This Catholic Church was built in 1936 of flint Ozark stone. A rectory was built next door in 1940.

Holy Cross Catholic Church ,as it stands today ,was built on land purchased in 1924 by Father Hornsey with his own funds.  The church was built in 1936 with the rock wall, rectory, and other church buildings added later.  The church and school grounds are an example of the functioning preservation of Cuba’s history.

 The Holy Cross steeple beckons worshipers to services.

The Holy Cross steeple beckons worshipers to services.

Cuba is not just about the murals and other art throughout the town. Founded in 1857,Cuba is a sesquicentennial town  with a rich history. That history is revered by the citizens of Cuba, and many have made efforts to retain the historical buildings and give them a dignified use.  Cuba is a town where art meets history to create a special type of ageless beauty.

To get more information about the historical buildings and residences in Cuba, Missouri pick up the Historic Preservation Commission’s brochure at the Visitor Center.  It highlights the historical revitalization in Cuba.

We didn’t realize…

Even the smallest engineer finds a train in Cuba's Public Art.

Even the smallest engineer finds a train in Cuba's Public Art.

When Viva Cuba, the beautification organization in Cuba, Missouri plans their public art, they do not always anticipate the impact of the art.

When the project began, in 2001, they hadn’t thought about using the murals to teach the nation and the town’s history  to fourth graders.  But now they have added a mural curriculum for the school to their projects and give tours to students.  Parents and their children both study the murals.

They didn’t realize that  boy scout Chip Lange would  include their Civil War Murals as part of his Eagle Scout project. But he did, and it has impacted him and the town.

When the organization thought that it would be neat to rent the 1904-style trolley for Cuba Fest and give tours of the murals, they didn’t realize how many children would be touring with parents and how well that would work in conjunction with the school curriculum.

And Viva Cuba really didn’t realize how many people would travel through Cuba to stop and photograph the murals, the Viva Cuba Garden, and the train sculpture.  But it is a daily occurrence during the tourist season. Looking over the blogs, a reader will see how this attraction has also brought the media to report on Cuba’s public art. And the idea of art in Cuba has spread to individual businesses.

And the organization didn’t realize that the public art would take its place in the family history of individual families.  These photos show that families have chosen the community art of Cuba as a backdrop for interesting family photos.  The culture and history of a nation is often reflected in the personal photographs of its citizens.  Future years will show that there was public art in Cuba, “Route 66 Mural City,” and history will judge if it had a significant impact.

They say a picture is worth a thousand words.  The look on this young engineer's face is priceless.

They say a picture is worth a thousand words. The look on this young engineer's face is priceless.

Official Cuba, Missouri website for murals and more…

Visit all parts of our site and read our blog posts for the official information on the Viva Cuba Mural Project in Cuba, Missouri and other aspects of life in Cuba. Learn our history, see historic preservation in Cuba, and view photos of what is going on with Public Art in Cuba, Missouri “Route 66 Mural City.”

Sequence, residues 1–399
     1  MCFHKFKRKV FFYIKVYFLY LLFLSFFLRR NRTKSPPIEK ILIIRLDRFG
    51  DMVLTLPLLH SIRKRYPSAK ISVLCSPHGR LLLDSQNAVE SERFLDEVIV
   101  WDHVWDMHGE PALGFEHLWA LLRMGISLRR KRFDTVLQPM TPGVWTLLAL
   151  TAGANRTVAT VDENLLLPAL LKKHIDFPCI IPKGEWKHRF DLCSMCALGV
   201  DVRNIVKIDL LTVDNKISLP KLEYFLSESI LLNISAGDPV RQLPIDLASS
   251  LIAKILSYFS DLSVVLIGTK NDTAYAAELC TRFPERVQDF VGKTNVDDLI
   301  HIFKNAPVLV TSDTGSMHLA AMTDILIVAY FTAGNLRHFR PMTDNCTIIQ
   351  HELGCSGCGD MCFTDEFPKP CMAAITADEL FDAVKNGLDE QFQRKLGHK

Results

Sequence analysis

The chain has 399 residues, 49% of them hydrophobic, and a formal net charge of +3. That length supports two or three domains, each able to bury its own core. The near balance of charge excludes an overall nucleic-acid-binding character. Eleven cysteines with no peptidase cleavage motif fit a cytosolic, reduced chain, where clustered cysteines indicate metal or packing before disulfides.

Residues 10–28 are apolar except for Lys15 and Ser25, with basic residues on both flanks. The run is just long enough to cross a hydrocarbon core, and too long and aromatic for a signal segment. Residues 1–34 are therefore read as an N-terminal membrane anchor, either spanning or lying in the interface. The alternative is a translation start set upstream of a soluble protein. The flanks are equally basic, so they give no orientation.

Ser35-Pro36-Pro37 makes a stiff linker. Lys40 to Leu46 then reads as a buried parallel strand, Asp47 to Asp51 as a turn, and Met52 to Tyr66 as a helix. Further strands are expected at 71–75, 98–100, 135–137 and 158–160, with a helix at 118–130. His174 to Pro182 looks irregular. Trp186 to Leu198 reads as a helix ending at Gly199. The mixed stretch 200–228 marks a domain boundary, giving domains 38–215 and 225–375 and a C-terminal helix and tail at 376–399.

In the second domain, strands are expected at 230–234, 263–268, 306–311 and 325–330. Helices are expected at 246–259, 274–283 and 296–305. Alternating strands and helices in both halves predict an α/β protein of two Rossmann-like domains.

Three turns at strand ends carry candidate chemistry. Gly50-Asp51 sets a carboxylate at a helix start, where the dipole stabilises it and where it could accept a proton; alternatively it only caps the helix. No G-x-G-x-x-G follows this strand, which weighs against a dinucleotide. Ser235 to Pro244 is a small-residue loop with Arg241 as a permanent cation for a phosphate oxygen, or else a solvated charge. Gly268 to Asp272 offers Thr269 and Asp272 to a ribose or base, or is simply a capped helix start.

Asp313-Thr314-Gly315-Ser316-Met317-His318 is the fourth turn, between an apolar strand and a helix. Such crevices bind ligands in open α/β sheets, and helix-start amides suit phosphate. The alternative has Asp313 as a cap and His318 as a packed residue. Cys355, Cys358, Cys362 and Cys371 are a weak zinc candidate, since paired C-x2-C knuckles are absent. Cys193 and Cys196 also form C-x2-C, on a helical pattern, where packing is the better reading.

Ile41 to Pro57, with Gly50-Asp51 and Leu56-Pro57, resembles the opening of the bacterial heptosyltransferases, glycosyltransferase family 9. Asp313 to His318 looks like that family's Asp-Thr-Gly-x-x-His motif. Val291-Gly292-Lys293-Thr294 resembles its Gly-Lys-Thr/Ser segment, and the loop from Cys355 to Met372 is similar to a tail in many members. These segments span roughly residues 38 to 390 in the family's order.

Set this site as a  favorite, bookmark us, or set up an RSS feed for new blog posts. We want you to hangout in our neighborhood.

Cuba, Missouri River Mural

The nearby rivers have been a source of Cuba's history and recreation.

Become a fan of Cuba, MO Murals on Facebook or follow Cuba MO Murals  on Twitter.

Before and after images tell the tale of restoration in Cuba, Missouri…

Before the station was restored, it had lost a lot of its eye appeal.

Before the Phillips 66 Station was restored, it had lost a lot of its eye appeal.

The old garage bays were not the attractive site that they are today.

The old garage bays were not the attractive site that they are today.

The restored station is now an attractive additon to the community.

The restored station is now an attractive additon to the community.

The murals on the garage bays now draw many travelers to take photographs.

The murals on the garage bays now draw many travelers to take photographs.

The old 1930s Phillips 66 station has a long history in Cuba. Built by Paul T. Carr, it had been a Phillips 66 station serving the needs of Route 66 travelers.  When Carr expanded the operation, it became a Pontiac dealership as well.

When Carr sold it, it went through various owners and brands of stations until the Bill and Lynn Wallis bought it in 1968.  It became their first Mobll station and “office” of the fledgling Wallis Oil business.   From that modest beginning, Wallis Companies has expanded  and grown to the point where it has over 600 employees in Missouri.  The home office is still in Cuba, but it is in the modern brick building across the street.

Lynn and Bill Wallis always retained  an appreciation for the small building where they got their start, but they didn’t quite know what to do with it. A fast food franchise wanted to buy it, but they knew it would be torn down, so they refused.  Then after Bill died of cancer in 2001, Lynn Wallis began a project that would honor both Bill and the station’s history.

Working with Viva Cuba, a Route 66 Preservation grant, the Phillips 66 organzaiton, and others, the Wallis family restored the station to how it would have looked in the 1930s.

Viva Cuba hired Missouri artist Ray Harvey to paint the vintage scenes on the garage bays to commemorate the memory of Bill Wallis and the history of the station.

Now,  Lynn Wallis and her children who help run the business can view the little station with pride.

Travelers can stop and see a part of Americana along Route 66.

And the town of Cuba, Missouri can be grateful that a part of its history has been preserved in an attractive way.

Visit the homepage for all things Viva Cuba.